Students will write a research paper on a moral or ethical issue, giving an accurate discussion of the position the Catholic Church has on the issue and also bringing forth alternative or opposing views. The Church’s official position can be obtained by searching the Catechism of the Catholic Church. Correct format for citing peer-reviewed journal articles must be followed. The paper should be around 5-7 pages typed and double spaced.
Understanding, thoroughness of research: demonstrated and accurate grasp of ideas, concepts, and theories presented in the readings and in class (= you present ideas from the texts accurately, and you refrain from unfounded interpretations or leaps of interpretive fancy).
Organization, logically ordered: apparent, understandable, and orderly presentation of ideas; structured thinking, the way your paper is arranged (= your paper’s structure should be apparent, easy to follow, and built into your opening paragraph. The relationship between your points is adequately spelled out by a well formulated thesis statement at the end of your first paragraph that summarizes the reasons backing up the thesis so that the reader does not have to read between the lines to figure out what you’re trying to communicate).
Reasoning, critical and evaluative depth: demonstrated critical and interpretative skills, rational manipulation of ideas and dexterity in handling them (= you satisfactorily and thoroughly defend your thesis by the ideas and evidence you cite in its favor. Your points build on each other and assemble coherently into a discernible position or defense of a particular side of an issue. Where appropriate to the assignment, you display a knowledge of objections to your views and an ability to respond to them. Remember that an opinion is only as good as the evidence, theory, or reasoning on which it is based. You must back up your points with reasons).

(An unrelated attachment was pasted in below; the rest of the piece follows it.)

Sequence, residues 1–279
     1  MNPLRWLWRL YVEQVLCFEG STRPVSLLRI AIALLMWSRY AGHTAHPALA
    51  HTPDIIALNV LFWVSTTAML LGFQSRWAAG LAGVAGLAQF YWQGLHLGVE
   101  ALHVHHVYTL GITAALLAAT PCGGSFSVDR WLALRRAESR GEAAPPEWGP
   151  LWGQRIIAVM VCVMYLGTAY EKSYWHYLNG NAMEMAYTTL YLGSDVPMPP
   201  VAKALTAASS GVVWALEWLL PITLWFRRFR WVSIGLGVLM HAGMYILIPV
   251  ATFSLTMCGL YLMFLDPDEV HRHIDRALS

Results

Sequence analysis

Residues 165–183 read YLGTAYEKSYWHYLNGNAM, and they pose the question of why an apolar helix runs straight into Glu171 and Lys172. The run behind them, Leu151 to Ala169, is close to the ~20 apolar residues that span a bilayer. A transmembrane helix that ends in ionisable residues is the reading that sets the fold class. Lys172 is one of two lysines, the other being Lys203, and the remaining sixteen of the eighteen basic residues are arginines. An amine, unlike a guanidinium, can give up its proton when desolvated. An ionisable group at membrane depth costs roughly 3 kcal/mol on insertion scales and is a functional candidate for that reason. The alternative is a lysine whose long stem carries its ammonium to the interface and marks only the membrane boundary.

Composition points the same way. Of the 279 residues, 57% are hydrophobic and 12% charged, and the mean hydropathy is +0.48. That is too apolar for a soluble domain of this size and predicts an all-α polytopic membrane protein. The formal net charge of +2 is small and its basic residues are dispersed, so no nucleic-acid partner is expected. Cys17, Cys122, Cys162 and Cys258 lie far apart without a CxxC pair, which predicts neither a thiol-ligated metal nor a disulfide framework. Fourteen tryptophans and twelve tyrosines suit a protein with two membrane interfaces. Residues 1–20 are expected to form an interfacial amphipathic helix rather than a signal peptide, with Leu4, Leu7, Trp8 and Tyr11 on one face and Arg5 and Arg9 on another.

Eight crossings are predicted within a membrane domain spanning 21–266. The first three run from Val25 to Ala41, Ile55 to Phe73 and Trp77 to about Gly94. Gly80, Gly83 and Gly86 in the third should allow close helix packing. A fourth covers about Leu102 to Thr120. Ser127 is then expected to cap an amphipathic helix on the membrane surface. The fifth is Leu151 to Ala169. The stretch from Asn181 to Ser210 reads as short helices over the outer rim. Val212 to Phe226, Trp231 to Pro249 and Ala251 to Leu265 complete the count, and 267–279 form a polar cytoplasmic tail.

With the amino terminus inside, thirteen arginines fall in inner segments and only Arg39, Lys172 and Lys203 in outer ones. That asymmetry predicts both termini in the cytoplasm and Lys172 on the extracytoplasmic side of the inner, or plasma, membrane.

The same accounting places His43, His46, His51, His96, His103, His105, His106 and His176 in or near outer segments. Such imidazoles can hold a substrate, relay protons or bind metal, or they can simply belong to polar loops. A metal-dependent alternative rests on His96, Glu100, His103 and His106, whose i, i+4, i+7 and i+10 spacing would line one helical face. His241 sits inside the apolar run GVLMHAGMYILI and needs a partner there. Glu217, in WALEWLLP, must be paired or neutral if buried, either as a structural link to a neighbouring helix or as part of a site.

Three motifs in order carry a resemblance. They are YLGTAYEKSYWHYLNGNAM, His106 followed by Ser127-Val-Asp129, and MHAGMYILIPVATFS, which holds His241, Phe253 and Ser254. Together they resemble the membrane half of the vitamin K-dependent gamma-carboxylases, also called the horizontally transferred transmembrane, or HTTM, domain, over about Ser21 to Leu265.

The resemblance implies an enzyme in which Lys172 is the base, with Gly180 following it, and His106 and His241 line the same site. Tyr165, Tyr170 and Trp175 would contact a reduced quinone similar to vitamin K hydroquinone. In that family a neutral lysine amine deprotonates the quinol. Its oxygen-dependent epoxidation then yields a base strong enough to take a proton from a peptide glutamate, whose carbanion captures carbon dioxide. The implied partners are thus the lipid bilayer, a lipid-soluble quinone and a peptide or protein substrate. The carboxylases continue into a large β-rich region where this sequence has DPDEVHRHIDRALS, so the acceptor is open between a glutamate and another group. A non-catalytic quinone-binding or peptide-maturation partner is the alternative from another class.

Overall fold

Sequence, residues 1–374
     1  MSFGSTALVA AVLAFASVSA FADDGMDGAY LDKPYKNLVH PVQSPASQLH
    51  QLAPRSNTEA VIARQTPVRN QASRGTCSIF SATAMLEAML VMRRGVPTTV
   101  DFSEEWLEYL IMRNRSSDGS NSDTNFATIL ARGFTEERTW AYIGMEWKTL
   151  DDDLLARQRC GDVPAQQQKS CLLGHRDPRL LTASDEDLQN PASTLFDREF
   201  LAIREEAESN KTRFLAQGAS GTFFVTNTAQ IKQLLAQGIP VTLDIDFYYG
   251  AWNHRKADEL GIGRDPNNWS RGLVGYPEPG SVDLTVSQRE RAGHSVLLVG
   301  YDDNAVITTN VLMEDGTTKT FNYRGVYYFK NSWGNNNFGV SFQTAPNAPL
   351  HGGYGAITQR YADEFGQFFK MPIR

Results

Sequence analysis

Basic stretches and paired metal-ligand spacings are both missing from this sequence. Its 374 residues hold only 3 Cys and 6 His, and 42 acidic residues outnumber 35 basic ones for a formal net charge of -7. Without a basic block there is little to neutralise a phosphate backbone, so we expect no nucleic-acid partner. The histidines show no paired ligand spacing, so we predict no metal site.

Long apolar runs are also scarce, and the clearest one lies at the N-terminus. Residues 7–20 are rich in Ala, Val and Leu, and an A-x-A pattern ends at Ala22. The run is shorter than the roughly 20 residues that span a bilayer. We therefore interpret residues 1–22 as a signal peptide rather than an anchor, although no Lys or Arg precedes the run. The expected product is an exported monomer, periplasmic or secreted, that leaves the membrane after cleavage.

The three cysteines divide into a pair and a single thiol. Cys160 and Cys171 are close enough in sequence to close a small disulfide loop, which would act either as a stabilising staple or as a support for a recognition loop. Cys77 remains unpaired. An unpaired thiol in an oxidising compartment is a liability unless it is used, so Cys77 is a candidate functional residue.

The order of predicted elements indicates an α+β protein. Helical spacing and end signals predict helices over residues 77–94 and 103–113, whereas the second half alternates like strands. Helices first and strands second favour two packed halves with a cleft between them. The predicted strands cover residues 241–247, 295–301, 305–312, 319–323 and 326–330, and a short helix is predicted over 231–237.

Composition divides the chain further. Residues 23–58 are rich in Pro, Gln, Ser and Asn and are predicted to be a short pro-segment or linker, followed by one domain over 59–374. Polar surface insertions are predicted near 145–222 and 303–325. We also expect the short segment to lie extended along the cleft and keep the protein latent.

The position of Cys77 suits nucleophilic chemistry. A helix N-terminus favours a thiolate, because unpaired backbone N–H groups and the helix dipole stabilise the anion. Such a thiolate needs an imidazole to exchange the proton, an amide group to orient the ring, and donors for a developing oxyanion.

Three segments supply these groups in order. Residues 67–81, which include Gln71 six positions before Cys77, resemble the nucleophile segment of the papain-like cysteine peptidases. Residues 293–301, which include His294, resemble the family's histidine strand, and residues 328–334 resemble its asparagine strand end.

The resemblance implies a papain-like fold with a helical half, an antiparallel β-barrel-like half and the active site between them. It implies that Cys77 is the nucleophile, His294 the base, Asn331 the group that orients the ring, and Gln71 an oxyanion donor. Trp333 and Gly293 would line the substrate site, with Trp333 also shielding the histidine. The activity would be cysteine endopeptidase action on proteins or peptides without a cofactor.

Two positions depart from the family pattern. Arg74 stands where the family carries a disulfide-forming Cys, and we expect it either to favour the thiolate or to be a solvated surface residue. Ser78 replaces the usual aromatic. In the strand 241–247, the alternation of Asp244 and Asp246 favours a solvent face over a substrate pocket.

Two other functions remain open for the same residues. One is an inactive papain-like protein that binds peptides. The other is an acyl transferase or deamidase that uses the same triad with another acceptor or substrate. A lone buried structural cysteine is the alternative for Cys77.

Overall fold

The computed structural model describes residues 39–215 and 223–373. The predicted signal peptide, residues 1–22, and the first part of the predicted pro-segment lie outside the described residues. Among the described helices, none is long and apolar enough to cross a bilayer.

Originality, analytical depth to theological experience: exhibited creativity, personal appropriation of the issues and questions surrounding the topic (= you go beyond what the readings say to formulate some creative ideas of your own. Support for your ideas is drawn from your own insights and reasoning rather than only borrowed from class or the text. You are able to make unusual connections, looking at something in a fresh way, noticing unusual relationships or aspects of the topic, pushing beyond surface observations, challenging what others take for granted, or taking a risk with a difficult topic)